Wednesday, May 04, 2005

"It's not the end of the world" - Is that meant as consolation?

Of my numerous and multifarious skills, talents, gifts, and boastable abilities, earning a steady living is not among these. It might be said of me that I am a financially fallow fellow -- who enjoys fennel and flan. Which would make me a financially fallow fennel-and-flan-o-phile. I am garlic bread in the City of Melba Toast. I am the friend of fairweather friends. Prodigal son of endless prodding. No New Age platitude will unravel my age old condition of werkhorrer, the sense one experiences while on the job that one is fast losing his soul.

In my first year of high school, I played on the freshman basketball team. By that year my high school had won the city championship five years running. My team's season ended in the quarter finals. The "razzing" and condemnation of previous years' players upon our heads was bad enough, but one phrase I heard over and over -- spoken as consolation -- was like a beartrap around the testicles: "It's not the end of the world." Hearing that said, maybe one or two hundred times that horrid week, I realized just how much I wished the final buzzer of that meaningless basketball game had signaled the Apocalypse. It seemed fitting that the world should fold its final hand on such an arbitrary, anti-climactic, non-violent note.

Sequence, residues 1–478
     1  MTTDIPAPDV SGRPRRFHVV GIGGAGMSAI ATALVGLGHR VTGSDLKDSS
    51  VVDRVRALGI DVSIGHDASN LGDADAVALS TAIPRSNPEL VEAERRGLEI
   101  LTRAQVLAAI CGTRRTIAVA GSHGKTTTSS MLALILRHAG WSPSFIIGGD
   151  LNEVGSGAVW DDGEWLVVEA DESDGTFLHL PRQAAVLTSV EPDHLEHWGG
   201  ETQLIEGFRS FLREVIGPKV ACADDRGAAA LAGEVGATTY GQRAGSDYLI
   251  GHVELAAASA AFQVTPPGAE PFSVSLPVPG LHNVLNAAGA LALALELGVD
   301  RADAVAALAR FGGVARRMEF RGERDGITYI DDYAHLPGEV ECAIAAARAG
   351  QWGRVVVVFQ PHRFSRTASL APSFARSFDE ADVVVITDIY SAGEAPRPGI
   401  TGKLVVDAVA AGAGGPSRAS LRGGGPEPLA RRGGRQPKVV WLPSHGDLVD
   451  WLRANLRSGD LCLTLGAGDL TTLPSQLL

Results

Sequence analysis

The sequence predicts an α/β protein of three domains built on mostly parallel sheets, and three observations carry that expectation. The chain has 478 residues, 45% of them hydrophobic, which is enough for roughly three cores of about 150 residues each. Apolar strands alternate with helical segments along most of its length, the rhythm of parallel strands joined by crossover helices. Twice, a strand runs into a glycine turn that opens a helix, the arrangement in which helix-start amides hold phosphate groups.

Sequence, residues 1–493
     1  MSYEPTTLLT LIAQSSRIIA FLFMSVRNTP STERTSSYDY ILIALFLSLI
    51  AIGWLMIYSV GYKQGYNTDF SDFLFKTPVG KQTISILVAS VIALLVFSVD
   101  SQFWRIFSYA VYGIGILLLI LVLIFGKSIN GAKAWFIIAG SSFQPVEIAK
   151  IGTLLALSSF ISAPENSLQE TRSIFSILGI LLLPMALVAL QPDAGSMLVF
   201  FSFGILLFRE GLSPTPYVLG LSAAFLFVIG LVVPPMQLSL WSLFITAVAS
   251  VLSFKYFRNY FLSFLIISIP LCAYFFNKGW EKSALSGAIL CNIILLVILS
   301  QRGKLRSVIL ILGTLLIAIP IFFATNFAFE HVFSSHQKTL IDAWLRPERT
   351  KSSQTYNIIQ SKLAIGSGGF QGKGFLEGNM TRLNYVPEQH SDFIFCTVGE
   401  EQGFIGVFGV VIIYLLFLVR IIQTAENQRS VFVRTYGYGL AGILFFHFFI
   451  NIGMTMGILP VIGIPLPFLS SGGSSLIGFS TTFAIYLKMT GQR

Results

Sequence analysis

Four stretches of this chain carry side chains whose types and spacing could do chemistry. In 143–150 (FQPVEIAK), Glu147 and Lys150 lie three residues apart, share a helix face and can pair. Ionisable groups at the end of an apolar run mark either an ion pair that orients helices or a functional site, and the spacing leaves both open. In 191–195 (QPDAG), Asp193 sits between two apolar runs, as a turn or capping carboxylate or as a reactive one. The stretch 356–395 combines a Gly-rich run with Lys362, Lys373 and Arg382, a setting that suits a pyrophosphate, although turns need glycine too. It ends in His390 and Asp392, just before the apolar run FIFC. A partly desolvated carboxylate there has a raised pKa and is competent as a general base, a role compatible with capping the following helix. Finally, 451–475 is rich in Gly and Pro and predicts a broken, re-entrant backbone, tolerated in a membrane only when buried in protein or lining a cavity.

Because I think there is a need in every human soul for a great shifting from the ordinary. A need to fill sandbags, boil water, say the rosary, or scream "Medic!" Particularly when one's days are spent in boxer shorts, sitting, writing in a room with the window blocked by an ill-fitting piece of cardboard.

My father gave me a ride to school on Black Monday, October 1987, when the stock market crashed heroically. The crash didn't mean much to me then, news buff though I was and its effects didn't impact my life in any material way I could sense. However, I did understand, on some level, that it was a catastrophic event. I recall my father saying in his wise, dismissive way, "It's all just on paper."

I'm off to turn a bowl of Kellogg's "Just Right" into a bowl of "Fucking Right" by simply adding chocolate milk. Kitchen alchemy. Boxer short hocus pocus. And ne'ery a dime to be made at it.

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